Relationships dissolve for many reasons. When a couple reaches the decision to seek a divorce, understanding how property amassed during the marriage will be distributed can often throw a calm and amicable separation into an emotionally heated debate about who gets what. This can include the family pet that many Texas residents consider a member of the family. With the recent surge in pet custody issues, many soon-to-be divorced couples want to know what will happen to the beloved family pet.

The issue regarding pet ownership after a divorce can be confusing, as pets are considered property in family court. Property is usually divided between both parties. A pet custody agreement may not have any weight in relation to the division of marital assets, even though many couples see the family pet as a child, especially if there are no children or no other pets.

Can a prenuptial agreement dictate who gets the engagement ring?

Divorce is something that most Texas couples don't consider when they are happily engaged and planning a wedding. As many know, divorce can sometimes be the unfortunate result of a relationship that no longer is fulfilling for one or both spouses. Should a prenuptial agreement be in place, the parties can go their separate ways and have a sense of direction once a marriage has ended.

Jennifer Aniston has known her fair share of love and loss. Her recent marriage to Justin Theroux has recently been declared a separation in news outlets, but those close to the couple claim the relationship has been a rocky one most of 2017. Many say that Justin would have been happy not ever getting married; suggesting that a piece of paper made no difference to him. But a prenuptial agreement, an often important piece of paper, may mean a lot more to both parties.

Are frozen embryos considered property during a Texas divorce?

Many Texas couples face the heartbreaking reality of infertility. But advances in reproductive technology, invitro fertilization and other fertility alternatives have allowed many couples to become parents using artificial means. The question can arise as to what to do with embryos should the couple divorce or separate.

A woman in another state is devastated after a judge ruled that she and her ex-husband's frozen embryos were to be donated to a local fertility clinic. She claims that they underwent invitro fertilization, which resulted in several embryos that were then frozen for later use. The couple opted for this route when the wife learned she was to undergo chemotherapy treatment for cancer. The couple then later separated, and the ex-husband said he did not want to father any children.

Texas mother violates child custody order and flees the country

Divorce usually means a complete and total separation of one person from another. For couples who have children, that separation never truly comes unless one parent chooses to leave the child's life and the other parent. For parents who choose to remain in their child's life, the process of setting up and enforcing child custody arrangements can be a sore spot, especially when one parent has family ties in other states or countries. Many Texas parents are finding that those who have the means and support to flee the country may just do so, taking the children with them, regardless of court orders or a pending divorce.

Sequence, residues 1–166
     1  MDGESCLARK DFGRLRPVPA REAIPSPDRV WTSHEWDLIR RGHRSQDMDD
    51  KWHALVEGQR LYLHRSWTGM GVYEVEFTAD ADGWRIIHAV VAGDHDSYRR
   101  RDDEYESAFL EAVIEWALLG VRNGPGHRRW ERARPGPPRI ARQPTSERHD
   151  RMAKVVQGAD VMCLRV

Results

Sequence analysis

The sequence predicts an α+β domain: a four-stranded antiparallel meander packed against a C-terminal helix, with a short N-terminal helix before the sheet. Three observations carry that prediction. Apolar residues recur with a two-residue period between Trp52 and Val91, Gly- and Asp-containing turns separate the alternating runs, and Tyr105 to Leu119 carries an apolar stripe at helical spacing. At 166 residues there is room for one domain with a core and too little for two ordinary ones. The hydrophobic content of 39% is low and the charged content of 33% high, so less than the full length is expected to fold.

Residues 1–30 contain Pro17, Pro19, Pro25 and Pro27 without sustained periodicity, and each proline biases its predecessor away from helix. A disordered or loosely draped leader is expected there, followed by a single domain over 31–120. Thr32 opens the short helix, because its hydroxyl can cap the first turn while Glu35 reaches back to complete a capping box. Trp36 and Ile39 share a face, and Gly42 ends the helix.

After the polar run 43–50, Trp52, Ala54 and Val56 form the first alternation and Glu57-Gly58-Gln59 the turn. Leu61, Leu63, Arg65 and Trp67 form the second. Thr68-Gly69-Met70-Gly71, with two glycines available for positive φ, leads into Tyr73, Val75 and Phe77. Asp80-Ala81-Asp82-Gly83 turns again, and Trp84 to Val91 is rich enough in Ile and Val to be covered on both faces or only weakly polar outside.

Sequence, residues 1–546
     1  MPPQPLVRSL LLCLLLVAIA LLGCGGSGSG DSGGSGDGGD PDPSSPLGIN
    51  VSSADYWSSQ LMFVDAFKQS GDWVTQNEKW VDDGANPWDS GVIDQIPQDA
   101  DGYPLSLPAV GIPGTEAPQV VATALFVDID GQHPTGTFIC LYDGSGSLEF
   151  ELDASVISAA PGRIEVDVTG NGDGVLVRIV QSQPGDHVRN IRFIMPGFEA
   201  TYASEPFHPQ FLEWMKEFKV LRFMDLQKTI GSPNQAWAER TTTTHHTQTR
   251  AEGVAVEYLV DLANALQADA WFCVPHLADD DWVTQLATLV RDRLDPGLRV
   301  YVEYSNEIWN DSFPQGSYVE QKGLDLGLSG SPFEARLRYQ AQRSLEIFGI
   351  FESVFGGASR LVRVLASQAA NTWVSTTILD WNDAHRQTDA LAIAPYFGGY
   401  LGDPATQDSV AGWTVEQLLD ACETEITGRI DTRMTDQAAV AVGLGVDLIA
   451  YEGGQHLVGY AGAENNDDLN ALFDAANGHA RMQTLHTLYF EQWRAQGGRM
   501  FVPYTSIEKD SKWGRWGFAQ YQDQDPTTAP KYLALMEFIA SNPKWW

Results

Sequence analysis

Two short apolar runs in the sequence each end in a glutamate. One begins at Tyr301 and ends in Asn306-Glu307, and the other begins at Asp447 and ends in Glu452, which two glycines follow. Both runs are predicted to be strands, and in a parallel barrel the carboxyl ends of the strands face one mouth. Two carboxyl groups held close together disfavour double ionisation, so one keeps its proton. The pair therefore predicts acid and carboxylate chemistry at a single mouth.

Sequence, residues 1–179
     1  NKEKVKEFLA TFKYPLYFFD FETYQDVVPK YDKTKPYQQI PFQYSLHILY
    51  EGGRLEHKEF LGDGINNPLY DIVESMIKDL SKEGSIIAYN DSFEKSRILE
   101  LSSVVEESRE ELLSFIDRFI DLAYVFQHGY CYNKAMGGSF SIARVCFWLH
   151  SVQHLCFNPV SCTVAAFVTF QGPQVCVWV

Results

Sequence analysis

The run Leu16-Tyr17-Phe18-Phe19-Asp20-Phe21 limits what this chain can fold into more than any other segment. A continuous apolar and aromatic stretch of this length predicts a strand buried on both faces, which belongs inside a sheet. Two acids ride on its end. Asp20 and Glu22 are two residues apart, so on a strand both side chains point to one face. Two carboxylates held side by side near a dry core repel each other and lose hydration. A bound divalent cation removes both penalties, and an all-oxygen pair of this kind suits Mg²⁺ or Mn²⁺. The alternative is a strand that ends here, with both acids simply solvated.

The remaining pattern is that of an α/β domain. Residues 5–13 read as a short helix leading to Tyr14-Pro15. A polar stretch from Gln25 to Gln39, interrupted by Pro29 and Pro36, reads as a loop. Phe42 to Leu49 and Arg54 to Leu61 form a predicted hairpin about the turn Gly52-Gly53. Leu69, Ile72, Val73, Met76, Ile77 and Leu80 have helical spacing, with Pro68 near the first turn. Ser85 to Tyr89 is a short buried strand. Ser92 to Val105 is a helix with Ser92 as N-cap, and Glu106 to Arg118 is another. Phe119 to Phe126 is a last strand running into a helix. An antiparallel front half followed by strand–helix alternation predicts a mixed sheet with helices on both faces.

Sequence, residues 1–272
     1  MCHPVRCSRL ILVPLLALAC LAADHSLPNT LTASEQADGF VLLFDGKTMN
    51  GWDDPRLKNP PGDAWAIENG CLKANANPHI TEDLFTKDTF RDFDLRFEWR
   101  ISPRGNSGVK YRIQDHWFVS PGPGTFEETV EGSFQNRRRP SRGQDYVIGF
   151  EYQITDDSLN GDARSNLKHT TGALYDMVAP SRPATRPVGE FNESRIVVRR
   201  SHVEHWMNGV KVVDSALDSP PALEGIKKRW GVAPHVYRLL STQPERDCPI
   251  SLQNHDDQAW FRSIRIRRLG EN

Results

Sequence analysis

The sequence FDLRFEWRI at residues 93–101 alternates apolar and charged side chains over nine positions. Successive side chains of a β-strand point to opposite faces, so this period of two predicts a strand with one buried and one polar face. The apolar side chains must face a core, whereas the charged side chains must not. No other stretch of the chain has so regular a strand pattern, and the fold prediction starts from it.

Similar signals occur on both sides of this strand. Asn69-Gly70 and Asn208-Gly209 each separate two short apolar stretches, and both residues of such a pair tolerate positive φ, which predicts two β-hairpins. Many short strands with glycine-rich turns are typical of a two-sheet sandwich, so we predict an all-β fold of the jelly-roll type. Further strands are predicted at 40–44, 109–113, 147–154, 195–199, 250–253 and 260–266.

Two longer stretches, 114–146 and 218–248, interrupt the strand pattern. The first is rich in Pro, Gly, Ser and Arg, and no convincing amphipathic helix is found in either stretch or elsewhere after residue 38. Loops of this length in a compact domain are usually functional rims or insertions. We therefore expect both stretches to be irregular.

A Brazilian couple has found themselves in trouble with authorities when they helped their daughter leave the United States with their grandson under false pretenses. The husband and wife were taken into custody as soon as their plane landed in Florida. Authorities say that the mother left Texas with the child under the ruse of attending a family wedding in Brazil. The truth was later revealed that she never intended to return.

Overpayment of child support leads to investigation

A Texas family court dictates the amount of financial support a noncustodial parent is obligated to pay. Modifications to child support agreements can be made, but only through legal means. Changes that are made without the authorization of the court can lead to missed payments, interest accrual and possible jail time. But what happens when a parent is continually garnished for payments after the child has become emancipated?

A man in another state realized that child support payments were still being taken out of his paycheck, despite the fact that his child had recently turned 18. He contacted the agency responsible for the garnishments and was told that the payments would be returned to his employer and, subsequently, to him. That never happened.

Schedule A Consultation With An Attorney

Bold labels are required.

Contact Information

The use of the Internet or this form for communication with the firm or any individual member of the firm does not establish an attorney-client relationship. Confidential or time-sensitive information should not be sent through this form.


Privacy Policy

One Allen Center
700 Central Expressway South
Suite 150
Allen, TX 75013

Toll Free: 800-611-2638
Fax: 972-509-2775
Map & Directions